In responding to a post by Ross Douthat comparing Rick Perry to Howard Dean ("who many Democratic primary voters wanted to support, because he was speaking their language and gleefully throwing insults in the teeth of a president they hated, but also a candidate whose weaknesses were obvious enough that he couldn't finally make the sale"), Jonathan Bernstein makes a good point:
Here's the thing. What Dean meant for the Democrats in 2004 wasn't just that, as Douthat says, his public persona on the campaign trail...seemed to embody all the stereotypes associated with blue state liberals. What mattered a lot more was that he was pure and clean on the one issue that passionate Democratic activists cared the most about that year: Iraq. Many liberals that year -- well, not that year, but 2003 -- were basically very willing to overlook the plain and obvious fact that Dean wasn't really much of a liberal.
Perry's situation is a bit different. The thing about Republican primary voters and even activists this year is that there's nothing even remotely equivalent to Iraq as an issue. To make it perhaps overly speculative, my guess is that what Republicans are looking for, and why Perry jumped out to such a strong start, is much more basic: a fully qualified candidate who actually shares their position on issues. After all, it's been so long since they've had one. 2008 was full of candidates who had some grievous flaw or another, and most of 2012 is more of the same.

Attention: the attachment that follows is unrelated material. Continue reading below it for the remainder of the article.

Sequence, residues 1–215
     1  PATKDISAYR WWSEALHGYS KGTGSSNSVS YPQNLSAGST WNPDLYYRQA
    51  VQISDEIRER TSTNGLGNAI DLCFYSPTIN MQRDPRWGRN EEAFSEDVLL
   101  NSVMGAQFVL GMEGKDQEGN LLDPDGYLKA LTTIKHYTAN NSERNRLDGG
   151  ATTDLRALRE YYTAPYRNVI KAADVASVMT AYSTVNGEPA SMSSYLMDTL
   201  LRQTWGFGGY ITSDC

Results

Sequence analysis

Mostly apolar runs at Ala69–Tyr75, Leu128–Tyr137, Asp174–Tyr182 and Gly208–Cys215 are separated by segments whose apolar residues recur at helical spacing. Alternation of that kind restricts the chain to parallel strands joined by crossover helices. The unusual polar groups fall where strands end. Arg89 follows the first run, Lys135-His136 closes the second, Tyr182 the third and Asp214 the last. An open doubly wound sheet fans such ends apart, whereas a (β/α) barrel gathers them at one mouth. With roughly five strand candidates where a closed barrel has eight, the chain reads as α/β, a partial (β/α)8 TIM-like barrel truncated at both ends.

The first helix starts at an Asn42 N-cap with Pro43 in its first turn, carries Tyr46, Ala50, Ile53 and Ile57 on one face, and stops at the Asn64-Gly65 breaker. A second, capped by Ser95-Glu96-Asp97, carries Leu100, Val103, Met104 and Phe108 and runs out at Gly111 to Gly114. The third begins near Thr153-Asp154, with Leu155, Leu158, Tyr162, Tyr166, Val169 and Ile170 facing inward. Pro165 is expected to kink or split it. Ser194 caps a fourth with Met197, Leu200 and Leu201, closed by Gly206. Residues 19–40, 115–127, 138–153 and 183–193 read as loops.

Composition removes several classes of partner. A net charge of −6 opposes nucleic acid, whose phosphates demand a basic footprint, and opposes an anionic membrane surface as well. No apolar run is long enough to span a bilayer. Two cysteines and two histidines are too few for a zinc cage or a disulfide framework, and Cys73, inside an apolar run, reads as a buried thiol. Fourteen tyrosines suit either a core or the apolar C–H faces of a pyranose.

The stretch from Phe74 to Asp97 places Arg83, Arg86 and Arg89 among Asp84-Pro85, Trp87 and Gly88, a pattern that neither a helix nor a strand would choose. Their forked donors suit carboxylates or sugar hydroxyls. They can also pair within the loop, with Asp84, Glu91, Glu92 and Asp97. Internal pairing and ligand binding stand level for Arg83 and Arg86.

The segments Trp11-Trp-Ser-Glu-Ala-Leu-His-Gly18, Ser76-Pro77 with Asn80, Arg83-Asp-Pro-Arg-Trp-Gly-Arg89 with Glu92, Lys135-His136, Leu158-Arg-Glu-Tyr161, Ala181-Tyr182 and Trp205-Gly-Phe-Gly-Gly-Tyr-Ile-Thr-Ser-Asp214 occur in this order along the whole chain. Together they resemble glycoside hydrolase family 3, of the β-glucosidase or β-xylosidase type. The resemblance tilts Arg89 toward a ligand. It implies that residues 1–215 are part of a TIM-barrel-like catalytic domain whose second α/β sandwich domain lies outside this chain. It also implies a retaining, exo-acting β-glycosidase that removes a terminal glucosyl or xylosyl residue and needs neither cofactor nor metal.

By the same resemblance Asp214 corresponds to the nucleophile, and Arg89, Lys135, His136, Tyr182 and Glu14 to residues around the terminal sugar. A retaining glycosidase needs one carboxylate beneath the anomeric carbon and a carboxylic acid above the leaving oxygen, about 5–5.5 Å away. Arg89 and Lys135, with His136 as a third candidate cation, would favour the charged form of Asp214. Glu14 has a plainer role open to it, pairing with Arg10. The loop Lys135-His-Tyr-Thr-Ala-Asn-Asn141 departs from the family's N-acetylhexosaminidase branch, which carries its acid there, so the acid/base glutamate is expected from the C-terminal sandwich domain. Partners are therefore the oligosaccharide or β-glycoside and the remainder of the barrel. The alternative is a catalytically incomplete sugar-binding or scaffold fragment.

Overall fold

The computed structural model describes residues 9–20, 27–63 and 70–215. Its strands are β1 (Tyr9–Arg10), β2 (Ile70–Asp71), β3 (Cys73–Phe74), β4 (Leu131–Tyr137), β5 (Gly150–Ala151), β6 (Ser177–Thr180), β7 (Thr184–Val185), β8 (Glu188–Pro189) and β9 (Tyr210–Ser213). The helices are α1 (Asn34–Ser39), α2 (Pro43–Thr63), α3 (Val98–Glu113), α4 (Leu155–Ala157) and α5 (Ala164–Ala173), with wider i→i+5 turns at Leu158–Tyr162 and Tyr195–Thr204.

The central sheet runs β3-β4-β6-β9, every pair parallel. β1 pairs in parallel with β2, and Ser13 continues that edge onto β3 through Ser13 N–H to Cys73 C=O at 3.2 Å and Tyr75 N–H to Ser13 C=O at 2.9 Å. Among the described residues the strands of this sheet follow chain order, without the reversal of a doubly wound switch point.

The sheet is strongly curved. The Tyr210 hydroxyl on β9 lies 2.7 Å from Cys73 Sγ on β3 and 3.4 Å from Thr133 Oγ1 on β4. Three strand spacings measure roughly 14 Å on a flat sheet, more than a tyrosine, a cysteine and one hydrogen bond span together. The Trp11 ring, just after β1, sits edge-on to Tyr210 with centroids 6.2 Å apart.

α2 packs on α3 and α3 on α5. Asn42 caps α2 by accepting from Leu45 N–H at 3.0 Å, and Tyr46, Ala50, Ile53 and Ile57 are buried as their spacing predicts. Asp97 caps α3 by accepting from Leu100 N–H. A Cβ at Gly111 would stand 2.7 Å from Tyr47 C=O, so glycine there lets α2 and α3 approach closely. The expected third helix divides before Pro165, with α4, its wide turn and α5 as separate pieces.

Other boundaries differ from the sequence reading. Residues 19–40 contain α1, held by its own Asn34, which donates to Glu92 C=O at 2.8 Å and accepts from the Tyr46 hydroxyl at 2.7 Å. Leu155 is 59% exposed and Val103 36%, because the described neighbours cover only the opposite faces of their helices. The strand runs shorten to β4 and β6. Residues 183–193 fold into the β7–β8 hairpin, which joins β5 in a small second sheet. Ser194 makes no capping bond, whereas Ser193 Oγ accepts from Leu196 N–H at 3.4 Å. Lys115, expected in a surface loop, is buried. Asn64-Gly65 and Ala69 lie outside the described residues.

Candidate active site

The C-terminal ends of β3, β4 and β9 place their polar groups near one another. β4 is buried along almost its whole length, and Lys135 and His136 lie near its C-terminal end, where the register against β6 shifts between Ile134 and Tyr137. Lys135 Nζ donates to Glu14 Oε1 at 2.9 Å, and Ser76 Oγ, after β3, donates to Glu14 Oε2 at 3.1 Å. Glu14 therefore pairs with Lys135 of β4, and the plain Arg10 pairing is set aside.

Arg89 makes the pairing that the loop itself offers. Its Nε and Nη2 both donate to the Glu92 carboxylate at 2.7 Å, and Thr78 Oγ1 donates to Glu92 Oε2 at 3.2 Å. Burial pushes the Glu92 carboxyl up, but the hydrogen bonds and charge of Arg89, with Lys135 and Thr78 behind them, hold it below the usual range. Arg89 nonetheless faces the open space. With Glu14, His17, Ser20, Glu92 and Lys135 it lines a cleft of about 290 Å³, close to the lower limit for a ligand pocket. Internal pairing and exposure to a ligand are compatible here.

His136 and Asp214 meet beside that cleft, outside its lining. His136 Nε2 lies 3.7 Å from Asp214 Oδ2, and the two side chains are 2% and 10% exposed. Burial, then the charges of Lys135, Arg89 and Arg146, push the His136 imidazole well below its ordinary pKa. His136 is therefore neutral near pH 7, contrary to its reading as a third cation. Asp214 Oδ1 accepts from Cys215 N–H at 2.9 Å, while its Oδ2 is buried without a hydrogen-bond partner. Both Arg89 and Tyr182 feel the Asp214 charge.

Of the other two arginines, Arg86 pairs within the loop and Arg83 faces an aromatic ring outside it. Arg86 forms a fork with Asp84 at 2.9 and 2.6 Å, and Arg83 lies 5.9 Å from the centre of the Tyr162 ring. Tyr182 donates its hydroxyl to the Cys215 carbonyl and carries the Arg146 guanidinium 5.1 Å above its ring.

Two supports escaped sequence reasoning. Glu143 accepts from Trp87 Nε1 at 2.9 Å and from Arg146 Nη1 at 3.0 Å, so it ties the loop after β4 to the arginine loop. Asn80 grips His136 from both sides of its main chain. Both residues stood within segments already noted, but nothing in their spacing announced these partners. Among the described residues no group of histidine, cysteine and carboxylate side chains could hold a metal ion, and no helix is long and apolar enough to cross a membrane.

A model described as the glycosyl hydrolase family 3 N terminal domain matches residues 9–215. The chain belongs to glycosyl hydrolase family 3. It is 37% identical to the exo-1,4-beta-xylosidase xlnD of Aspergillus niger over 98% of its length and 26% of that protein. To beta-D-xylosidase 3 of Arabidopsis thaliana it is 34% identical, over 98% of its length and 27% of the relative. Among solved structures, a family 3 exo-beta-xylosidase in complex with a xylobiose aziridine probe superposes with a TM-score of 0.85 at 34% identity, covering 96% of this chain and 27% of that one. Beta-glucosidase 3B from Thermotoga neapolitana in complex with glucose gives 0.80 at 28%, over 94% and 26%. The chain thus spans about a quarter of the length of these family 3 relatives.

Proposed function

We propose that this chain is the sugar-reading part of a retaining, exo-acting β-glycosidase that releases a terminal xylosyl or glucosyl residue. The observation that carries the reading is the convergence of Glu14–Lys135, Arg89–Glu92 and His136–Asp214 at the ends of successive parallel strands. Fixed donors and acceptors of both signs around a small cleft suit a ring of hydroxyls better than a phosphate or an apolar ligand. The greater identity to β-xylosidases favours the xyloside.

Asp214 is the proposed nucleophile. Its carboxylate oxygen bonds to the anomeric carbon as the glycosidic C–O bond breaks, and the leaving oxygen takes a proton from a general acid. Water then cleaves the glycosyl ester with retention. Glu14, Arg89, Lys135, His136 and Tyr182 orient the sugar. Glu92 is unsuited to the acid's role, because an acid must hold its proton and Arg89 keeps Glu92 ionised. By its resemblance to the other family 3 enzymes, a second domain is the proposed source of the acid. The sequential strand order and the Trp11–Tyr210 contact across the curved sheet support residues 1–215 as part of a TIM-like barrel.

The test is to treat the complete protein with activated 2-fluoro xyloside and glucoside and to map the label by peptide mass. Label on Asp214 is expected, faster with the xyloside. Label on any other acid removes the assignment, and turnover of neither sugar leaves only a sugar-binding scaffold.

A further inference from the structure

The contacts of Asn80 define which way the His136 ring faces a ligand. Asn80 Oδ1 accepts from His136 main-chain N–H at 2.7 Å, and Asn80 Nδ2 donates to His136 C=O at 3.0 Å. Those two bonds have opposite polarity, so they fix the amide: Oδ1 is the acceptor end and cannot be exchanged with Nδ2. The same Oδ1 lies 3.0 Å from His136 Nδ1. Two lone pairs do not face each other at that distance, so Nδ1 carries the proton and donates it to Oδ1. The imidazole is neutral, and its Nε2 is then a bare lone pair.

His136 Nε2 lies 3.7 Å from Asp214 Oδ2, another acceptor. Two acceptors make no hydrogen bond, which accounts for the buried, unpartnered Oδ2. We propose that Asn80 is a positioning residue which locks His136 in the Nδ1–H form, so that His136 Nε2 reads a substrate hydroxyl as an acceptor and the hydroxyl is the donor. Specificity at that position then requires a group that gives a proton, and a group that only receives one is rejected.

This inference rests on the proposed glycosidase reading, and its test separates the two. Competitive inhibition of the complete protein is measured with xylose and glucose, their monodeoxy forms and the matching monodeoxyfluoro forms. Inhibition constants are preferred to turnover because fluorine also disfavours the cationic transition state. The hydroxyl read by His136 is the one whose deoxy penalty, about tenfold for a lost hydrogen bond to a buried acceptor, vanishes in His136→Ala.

"Fully qualified" should be a fairly easy hurdle to cross, but it turns out it isn't. It's actually to voters' credit that they care, at least to a degree, about this. Watching Michele Bachmann, it's pretty obvious that she has only a superficial understanding of the policy issues a president confronts, and that's a big reason her support has a very low ceiling. Listen to her talk, and it becomes very hard to imagine her as president, even if you agree with her ideologically. You don't have to be a Hillary Clinton-level super-wonk to be fully qualified, but you have to at least have a substantial resume and be able to sound like you know what you're talking about. If you're missing one, you'd better have the other in spades.
Perry is in some danger of falling below that "fully qualified" bar, if he keeps performing like he did last night. It's partly his own seemingly thin grasp of issues, and partly his impulse, at this stage anyway, to start every answer with, "Here's how we do it down in Texas..." All well and good, but you ain't runnin' for president of Texas, pardner. You can definitely be too much of a booster of your home state when you try to run nationally.